The family-owned Galatoire's restaurant has been serving fine Creole food in the French Quarter since nineteen oh five. Its specialties include Trout Marguery. This fish dish is named after a French cook who created a rich sauce containing white wine, fish stock, egg yolks and butter.

At Commander's Palace in the Garden District, food lovers can try American as well as Creole specialties including turtle soup and fish covered in pecan nuts. Two famous cooks once worked at Commander's Palace. Paul Prudhomme and Emeril Lagasse have helped make Creole and Cajun food popular around the world.

Antoine's is another favorite for French Creole cooking. This restaurant is known for dishes including Oysters Rockefeller and alligator soup.

Which brings us to our listener question from Vietnam. Khoa Pham wants to know the difference between alligators and crocodiles. Each creature belongs to a different group within the order of crocodilians. 

The clearest difference between the two is the shape of their heads. The alligator has a shorter and wider head with a curved jaw or snout shaped like the letter "U." The crocodile has a pointier snout, shaped like the letter "V."

Also, alligators liketo live in freshwater, while crocodiles can survive in salt water. There are several kinds of crocodiles and alligators.

In the United States, crocodiles are only found around the southern tip of Florida. But alligators live in several southeastern states.

(MUSIC)

HOST:

That was "Dance Everyday" by Terrance Simien and the Zydeco Experience Band. Simien has been performing Creole music professionally for twenty-five years. Simien, his wife and others worked for years to influence the Recording Academy to create a zydeco and Cajun music award to present at its Grammy Awards ceremony. This music became an official Grammy category last year.

(MUSIC)

About two hundred kilometers west of New Orleans is where another star of Cajun cooking spent her career making delicious food. Barbara Klein remembers Eula Mae Dore who died last year.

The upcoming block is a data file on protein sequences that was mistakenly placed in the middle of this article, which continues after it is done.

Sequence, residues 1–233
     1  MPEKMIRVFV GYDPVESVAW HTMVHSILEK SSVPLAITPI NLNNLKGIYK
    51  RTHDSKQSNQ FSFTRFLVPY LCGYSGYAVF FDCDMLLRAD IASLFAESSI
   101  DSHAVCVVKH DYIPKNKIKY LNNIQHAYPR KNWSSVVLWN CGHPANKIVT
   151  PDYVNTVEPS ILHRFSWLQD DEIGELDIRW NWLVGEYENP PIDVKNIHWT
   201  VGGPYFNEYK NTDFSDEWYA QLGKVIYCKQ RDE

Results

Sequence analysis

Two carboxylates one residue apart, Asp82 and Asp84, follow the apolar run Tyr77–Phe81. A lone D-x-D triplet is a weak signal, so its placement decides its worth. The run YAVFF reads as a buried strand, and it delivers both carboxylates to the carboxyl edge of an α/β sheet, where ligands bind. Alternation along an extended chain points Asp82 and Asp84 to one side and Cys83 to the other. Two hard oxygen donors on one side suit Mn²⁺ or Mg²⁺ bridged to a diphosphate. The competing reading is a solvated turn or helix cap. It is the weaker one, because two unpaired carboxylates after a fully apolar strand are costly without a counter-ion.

BARBARA KLEIN:

Eula Mae Dore spent most of her adult life on Avery Island in Louisiana. This area is known as the home of one of the world's most famous hot sauces, Tabasco. Miz Dore worked for the McIlhenny Company which makes Tabasco for fifty-seven years. She worked in the general store of the company and also cooked for its workers. Her sandwiches became famous in the area. The food she made was so good that the McIlhenny family soon asked her to cook for them and the many important visitors to the island.

Eula Mae Dore grew up in a small town in Louisiana. Her mother died when she was ten years old, so she had to teach herself to cook for her family. She also learned by watching her grandmother prepare traditional Cajun food. Miz Dore never trained professionally, but she had an extraordinary skill with food. Many famous cooks came to Avery Island to try her dishes and learn from her.

Paul McIlhenny and the food writer and cook Marcelle Bienvenu asked Eula Mae Doré if she would write a cookbook. Miz Dore at first did not think anyone would be interested in her style of cooking and refused. But she later agreed to the project. Miz Bienvenu and Miz Dore worked for two years on the cookbook. "Eula Mae's Cajun Kitchen" was published in two thousand two. It captures the spirit of this special woman and her love for her native cooking.

HOST:

We leave you with "Chanson D'Acadie" by the band BeauSoleil and Michael Doucet. The group combines the sounds of Cajun, zydeco, jazz and blues music.

(MUSIC)

I'm Doug Johnson. I hope you enjoyed our program today.

It was written and produced by Dana Demange. To read the text of this program and download audio, go to our Web site, voaspecialenglish.com.

Join us again next week for AMERICAN MOSAIC, VOA's radio magazine in Special English.